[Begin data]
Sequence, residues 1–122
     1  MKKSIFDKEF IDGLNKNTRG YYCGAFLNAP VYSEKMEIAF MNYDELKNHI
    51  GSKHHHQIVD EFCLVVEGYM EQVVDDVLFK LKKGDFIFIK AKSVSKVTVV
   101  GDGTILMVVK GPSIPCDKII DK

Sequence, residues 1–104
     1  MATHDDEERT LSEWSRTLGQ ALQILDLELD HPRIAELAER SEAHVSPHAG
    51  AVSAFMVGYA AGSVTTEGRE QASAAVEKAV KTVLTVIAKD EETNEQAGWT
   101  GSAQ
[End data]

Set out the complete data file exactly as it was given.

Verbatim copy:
Sequence, residues 1–122
     1  MKKSIFDKEF IDGLNKNTRG YYCGAFLNAP VYSEKMEIAF MNYDELKNHI
    51  GSKHHHQIVD EFCLVVEGYM EQVVDDVLFK LKKGDFIFIK AKSVSKVTVV
   101  GDGTILMVVK GPSIPCDKII DK

Sequence, residues 1–104
     1  MATHDDEERT LSEWSRTLGQ ALQILDLELD HPRIAELAER SEAHVSPHAG
    51  AVSAFMVGYA AGSVTTEGRE QASAAVEKAV KTVLTVIAKD EETNEQAGWT
   101  GSAQ